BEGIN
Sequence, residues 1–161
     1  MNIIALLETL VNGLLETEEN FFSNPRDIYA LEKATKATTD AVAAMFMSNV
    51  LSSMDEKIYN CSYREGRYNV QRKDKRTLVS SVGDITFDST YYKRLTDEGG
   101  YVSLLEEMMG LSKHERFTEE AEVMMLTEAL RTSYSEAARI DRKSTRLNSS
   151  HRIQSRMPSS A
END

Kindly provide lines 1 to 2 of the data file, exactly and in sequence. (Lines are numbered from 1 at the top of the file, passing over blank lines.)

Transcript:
Sequence, residues 1–161
     1  MNIIALLETL VNGLLETEEN FFSNPRDIYA LEKATKATTD AVAAMFMSNV